With James Dolan’s proclaimation that the organization doesn’t plan on making any changes to the roster or coaching staff this season less than two months old, the Knick rumor mill is stirring up again, this time with Jeff Teague reportedly the new apple of the Knicks’ eye.
Acquiring Teague is more feasible than Lowry given how much Teague has fallen off this season and how well Lowry has played. Teague’s contract runs through the 2016-17 season at $8 million per year, and his decline is mostly a result of a poor perimeter shooting. His true shooting percentage hovered just below the league average in his previous two seasons, but with his new contract in tow, he’s dropped down to 50.7%.
At twenty-five years old, Teague probably won’t get much better, and with Danny Ferry seemingly following the Daryl Morey strategy of staying flexible with short term value contracts while going whatever direction — rebuild or win now — in which the market offers the best value, it makes sense that Atlanta would be open to losing Teague for a flyer on Iman Shumpert and the opportunity in summer 2015 to look for a better way to spend $8 million.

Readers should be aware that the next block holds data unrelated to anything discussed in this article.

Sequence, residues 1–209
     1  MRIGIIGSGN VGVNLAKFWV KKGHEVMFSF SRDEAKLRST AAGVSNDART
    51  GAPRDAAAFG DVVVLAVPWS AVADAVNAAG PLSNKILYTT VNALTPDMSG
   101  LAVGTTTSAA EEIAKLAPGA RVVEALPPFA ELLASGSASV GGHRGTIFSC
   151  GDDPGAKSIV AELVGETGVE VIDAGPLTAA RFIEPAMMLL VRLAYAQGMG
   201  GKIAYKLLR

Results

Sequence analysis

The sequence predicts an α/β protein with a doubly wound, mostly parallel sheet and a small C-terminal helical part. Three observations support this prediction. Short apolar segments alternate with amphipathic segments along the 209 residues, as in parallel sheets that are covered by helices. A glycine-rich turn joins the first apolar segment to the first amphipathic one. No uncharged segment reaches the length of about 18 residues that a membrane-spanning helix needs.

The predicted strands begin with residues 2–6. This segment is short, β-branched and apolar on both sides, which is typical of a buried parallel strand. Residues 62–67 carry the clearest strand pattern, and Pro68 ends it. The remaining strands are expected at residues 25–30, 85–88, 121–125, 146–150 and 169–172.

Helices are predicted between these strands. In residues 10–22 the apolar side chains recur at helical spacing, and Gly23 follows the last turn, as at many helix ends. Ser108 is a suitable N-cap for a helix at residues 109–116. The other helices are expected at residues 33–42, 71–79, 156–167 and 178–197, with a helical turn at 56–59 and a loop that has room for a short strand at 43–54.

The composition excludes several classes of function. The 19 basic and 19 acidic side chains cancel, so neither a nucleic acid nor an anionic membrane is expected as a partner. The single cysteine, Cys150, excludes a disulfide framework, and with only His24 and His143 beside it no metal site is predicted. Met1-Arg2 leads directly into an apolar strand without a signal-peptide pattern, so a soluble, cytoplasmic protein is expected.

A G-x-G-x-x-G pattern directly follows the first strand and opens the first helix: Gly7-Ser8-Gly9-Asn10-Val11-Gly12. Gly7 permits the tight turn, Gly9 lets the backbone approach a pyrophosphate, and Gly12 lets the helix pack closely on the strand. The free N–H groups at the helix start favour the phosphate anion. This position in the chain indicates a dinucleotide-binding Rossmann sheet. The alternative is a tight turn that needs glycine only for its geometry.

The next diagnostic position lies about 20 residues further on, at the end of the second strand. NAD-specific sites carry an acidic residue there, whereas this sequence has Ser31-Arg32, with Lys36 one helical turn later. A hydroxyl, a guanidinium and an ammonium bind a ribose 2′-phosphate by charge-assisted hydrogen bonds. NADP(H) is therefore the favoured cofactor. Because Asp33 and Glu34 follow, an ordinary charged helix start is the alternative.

The big question though is, “Why are the Knicks back in the trade market?” With the Bobcats heading towards thirty-seven wins and currently owning the tiebreaker, the Knicks would likely need to close the season on an 18-12 tear to overtake them. Considering nineteen of the Knicks’ final thirty games are on the road, even adding Teague for free likely wouldn’t punch the Knicks into the playoffs.
Any trade, therefore, is not about this season, in which case they’d be better off waiting to see what Melo does in the summer before making commitments, so this front office mood swing likely relates some news relating to Melo’s thought process for the summer. The question is how might they relate?
Let’s start with three assumptions:
- The Knicks’ interest in Teague is real and not just clickbait.
- As Stephen A. Smith said, “[The Knicks are] hellbent on holding onto [Melo] and doing everything they can short of James Dolan getting on his knees as a billionaire and begging the guy…”
- Carmelo Anthony understands the Knicks’ situation and has been properly prepped PR-wise on how to best achieve his desire. His vague statements about wanting to stay in New York and wanting to win could mean anything, just as Lebron’s statement in June of 2010 — “[Cleveland] does have an edge [in re-signing me]” — turned out to be gobbledygook.
If these are all true, then I only see two possible ways to interpret a trade for Teague.
If the Knicks top priority is retaining Anthony, then they undoubtedly will pass any trade through Melo and his people, so if this trade is really in the works, there’s a good chance Melo has endorsed it. If that is the case then Melo is likely leaning towards staying and is only looking for the team to improve enough to justify that decision.